The Use of Proximal Information
Scent to Forage for Distal Content
on the World Wide Web
The legacy of the Enlightenment is the belief that entirely on our own we can know, and in
knowing, understand, and in understanding, choose wisely.… Thanks to science and
technology, access to factual knowledge of all kinds is rising exponentially while dropping in
unit cost.… We are drowning in information, while starving for wisdom.
—E. O. Wilson (1998)
Information foraging theory addresses how people will adaptively shape their behavior to their information environments and how information environments can best be shaped to people. It is a psychological theory explicitly formulated to deal with the analysis of adaptation (good designs) and explicitly formulated to deal with how external content is used to gain valuable knowledge. This symmetrical focus on users and their information system environments has been inspired in many ways by methods and concepts championed in Brunswik's (1952) probabilistic functionalism. This chapter summarizes information foraging research on use of the World Wide Web (hereafter, the Web). This research involves concepts that are akin to ones developed by Brunswik, including the use of representative design, in which realistic Web tasks are studied, a variant of a lens model of how people judge the relevance of navigation cues on the Web, and the use of an idiographic-statistical approach to model aspects of human cognition.
The particular focus of this chapter will be on a psychological theory of information scent (Pirolli, 1997, 2003; Pirolli & Card, 1999) that is embedded in a broader model (Pirolli & Fu, 2003) of in
formation foraging on the Web. The notion of information scent also has been used in developing models of people seeking information in documentclustering browsers (Pirolli, 1997) and highly interactive information visualizations (Pirolli, Card, & Van Der Wege, 2003). Information scent refers to the cues used by information foragers to make judgments related to the selection of information sources to pursue and consume. These cues include such items as Web links or bibliographic citations that provide users with concise information about content that is not immediately available. The information scent cues play an important role in guiding users to the information they seek; they also play a role in providing users with an overall sense of the contents of collections. The purpose of this chapter is to present a theoretical account of information scent that supports the development of models of navigation choice.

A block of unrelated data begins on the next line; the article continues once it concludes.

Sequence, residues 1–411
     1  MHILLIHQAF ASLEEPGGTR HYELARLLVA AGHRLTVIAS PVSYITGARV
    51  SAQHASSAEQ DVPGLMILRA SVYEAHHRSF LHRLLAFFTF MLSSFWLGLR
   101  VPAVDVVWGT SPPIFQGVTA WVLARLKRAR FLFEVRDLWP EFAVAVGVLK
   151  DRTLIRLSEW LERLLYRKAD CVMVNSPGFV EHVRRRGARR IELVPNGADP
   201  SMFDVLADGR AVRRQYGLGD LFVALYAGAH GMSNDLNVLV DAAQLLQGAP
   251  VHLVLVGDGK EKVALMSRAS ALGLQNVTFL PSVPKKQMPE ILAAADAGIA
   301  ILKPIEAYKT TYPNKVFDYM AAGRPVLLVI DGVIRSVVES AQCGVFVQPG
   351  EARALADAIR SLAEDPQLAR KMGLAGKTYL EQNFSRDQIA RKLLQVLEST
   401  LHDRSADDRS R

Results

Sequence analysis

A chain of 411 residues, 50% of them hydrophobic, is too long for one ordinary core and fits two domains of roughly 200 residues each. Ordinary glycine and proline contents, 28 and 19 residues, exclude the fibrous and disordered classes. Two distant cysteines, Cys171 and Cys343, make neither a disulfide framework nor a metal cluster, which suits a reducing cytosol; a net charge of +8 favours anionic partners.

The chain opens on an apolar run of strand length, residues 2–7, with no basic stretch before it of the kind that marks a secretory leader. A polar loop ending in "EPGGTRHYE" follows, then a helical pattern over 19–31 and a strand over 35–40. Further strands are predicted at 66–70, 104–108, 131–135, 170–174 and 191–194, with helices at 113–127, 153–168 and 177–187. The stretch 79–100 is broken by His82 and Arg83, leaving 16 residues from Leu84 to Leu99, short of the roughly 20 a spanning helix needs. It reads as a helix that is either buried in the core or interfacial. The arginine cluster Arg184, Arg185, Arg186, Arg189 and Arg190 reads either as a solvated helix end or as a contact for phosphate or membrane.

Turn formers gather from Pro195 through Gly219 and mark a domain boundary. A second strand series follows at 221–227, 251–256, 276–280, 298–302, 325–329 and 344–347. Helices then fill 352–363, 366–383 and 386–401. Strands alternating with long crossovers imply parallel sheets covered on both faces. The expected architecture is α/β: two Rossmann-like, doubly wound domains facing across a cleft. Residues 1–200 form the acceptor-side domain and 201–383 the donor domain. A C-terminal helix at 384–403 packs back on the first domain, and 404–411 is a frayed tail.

Information foraging theory is an example of a recent flourish of theories in adaptationist psychology that draw on evolutionary-ecological theory in biology (e.g., Anderson, 1990; Cosmides, Tooby, & Barow, 1992; Gigerenzer, 2000; Glimcher, 2003). The framework of adaptationist psychology involves the analysis of the structure of the environments faced by people and analysis of the design (or